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Wednesday, August 17, 2011

Syria's embassy personnel intimidating protesters

Last month I quoted a chilling Al Arabiya article about how the Syrian embassy in the US was threatening Syrian  anti-regime protesters by photographing and identifying them and then threatening their families back home.

The Wall Street Journal (via Fox News) reports on this as well:
Syria is taking its war against President Bashar al-Assad's political opponents global, using diplomats in Washington, London and elsewhere to track and intimidate expatriates who speak out against the Damascus regime, according to Syrian dissidents and U.S. officials.

Syrian embassy staffers are tracking and photographing antiregime protesters and sending reports back home, Syrian activists and U.S. officials say. Syrian diplomats, including the ambassador to the U.S., have fanned out to Arab diaspora communities to brand dissidents "traitors" and warn them against conspiring with "Zionists."

A half-dozen Syrian-Americans interviewed by The Wall Street Journal in recent weeks say that as a result of their activities in the U.S., family members have been interrogated, threatened or arrested in Syria. The Obama administration says it has "credible" evidence that the Assad regime is targeting relatives of Syrian-Americans who have participated in peaceful U.S. protests.

In an interview Tuesday, Imad Moustapha, the Syrian ambassador, dismissed the allegations by Syrian dissidents and U.S. officials as "slander and sheer lies."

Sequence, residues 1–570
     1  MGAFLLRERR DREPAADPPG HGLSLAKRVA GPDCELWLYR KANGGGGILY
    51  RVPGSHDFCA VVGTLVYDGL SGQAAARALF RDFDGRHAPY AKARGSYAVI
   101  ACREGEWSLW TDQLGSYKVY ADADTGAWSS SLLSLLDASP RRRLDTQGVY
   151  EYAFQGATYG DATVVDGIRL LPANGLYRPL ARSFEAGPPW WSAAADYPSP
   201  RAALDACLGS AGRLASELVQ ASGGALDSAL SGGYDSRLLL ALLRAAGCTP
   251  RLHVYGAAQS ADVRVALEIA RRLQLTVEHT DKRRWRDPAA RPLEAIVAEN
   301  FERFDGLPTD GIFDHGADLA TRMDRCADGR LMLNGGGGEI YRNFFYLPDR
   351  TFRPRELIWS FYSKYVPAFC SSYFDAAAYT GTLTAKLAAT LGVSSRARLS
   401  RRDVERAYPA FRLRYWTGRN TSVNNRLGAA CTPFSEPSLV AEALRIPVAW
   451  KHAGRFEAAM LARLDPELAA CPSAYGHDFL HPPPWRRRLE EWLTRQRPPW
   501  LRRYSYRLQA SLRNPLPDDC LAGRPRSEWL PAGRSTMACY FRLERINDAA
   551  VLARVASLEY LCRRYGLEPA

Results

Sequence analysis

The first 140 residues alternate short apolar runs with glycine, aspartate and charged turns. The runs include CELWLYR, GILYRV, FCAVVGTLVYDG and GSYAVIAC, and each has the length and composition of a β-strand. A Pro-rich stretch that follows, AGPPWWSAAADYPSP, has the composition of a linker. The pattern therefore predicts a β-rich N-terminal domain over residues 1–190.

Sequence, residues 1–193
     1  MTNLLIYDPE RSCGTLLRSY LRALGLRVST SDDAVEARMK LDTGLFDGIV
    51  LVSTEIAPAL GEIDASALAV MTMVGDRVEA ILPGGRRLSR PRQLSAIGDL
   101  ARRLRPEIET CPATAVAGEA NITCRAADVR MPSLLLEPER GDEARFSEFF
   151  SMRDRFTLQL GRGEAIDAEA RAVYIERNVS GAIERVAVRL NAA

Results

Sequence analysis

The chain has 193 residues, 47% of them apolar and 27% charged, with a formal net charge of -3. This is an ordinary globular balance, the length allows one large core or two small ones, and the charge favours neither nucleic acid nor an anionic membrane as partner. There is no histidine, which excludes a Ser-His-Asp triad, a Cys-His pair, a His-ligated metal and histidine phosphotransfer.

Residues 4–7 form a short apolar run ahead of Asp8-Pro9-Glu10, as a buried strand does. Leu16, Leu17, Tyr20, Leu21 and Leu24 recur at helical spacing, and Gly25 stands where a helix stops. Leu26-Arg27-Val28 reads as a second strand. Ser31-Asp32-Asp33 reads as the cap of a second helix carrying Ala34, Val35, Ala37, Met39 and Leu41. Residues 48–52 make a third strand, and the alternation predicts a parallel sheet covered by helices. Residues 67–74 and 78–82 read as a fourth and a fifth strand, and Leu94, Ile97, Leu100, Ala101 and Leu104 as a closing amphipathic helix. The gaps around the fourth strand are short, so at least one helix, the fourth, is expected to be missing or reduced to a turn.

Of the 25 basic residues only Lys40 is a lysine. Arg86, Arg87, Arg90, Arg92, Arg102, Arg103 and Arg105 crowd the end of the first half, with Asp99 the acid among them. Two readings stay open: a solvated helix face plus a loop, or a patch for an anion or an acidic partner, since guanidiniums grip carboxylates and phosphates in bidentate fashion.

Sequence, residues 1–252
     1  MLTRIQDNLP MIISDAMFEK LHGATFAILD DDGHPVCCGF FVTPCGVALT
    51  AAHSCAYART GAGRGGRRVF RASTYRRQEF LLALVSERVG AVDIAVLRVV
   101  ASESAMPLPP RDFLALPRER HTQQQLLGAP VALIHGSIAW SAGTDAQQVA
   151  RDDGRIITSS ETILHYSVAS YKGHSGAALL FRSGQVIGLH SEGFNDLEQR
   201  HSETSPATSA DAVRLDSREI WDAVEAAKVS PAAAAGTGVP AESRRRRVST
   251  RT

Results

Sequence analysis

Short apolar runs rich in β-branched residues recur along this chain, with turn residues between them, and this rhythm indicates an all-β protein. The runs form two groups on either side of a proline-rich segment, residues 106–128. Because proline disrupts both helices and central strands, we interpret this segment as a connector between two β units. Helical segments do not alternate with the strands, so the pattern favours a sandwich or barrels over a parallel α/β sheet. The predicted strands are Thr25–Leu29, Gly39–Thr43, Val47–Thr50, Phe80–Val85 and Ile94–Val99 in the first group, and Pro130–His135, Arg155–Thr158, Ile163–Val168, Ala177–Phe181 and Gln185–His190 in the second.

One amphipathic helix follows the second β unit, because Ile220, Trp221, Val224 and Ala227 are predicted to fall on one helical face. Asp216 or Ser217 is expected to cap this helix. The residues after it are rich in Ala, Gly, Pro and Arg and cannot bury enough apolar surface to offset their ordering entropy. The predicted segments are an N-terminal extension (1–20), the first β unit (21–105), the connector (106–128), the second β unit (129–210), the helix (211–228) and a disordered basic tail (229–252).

One Syrian-American scientist in Philadelphia, Hazem Hallak, said his physician brother, Sakher, was tortured and killed in May by Syria's intelligence agencies, the mukhabarat, after he returned from a medical conference in the U.S. Syrian agents in Aleppo were obsessed with obtaining a list of Syrian activists and U.S. officials the brother had allegedly met during his stay, Hazem Hallak said.

"They want to intimidate us wherever we are," said Mr. Hallak, who said he believes Syrian agents or regime sympathizers tracked his brother inside the U.S. Mr. Hallak said his brother wasn't involved in anti-Assad activities.

The State Department recently publicly rebuked the Syrian ambassador, Mr. Moustapha, for allegedly intimidating activists and confined him to a 25-mile radius around Washington.
"We received reports that Syrian mission personnel under Ambassador Moustapha's authority have been conducting video and photographic surveillance of people participating in peaceful demonstrations in the United States," the State Department said. "The United States Government takes very seriously reports of any foreign government actions attempting to intimidate individuals in the United States who are exercising their lawful right to freedom of speech as protected by the U.S. Constitution."

The Federal Bureau of Investigation, meanwhile, is investigating allegations that Mr. Moustapha and his staff have threatened or harmed Syrian-Americans, according to three individuals interviewed by the FBI in recent weeks. An FBI spokesman said the bureau won't comment on any possible investigation into the Syrian embassy's activities.
Jennifer Rubin discusses this in more detail.

Meanwhile, Tunisia has recalled its ambassador to Syria.

Syrian troops are breaking into private homes in Latakia.

Some UN employees fled the country.

The next clampdown may be the Yarmouk PalArab camp in Damascus where electricity has been cut off. Another Arab leader is turning against his Palestinian "guests.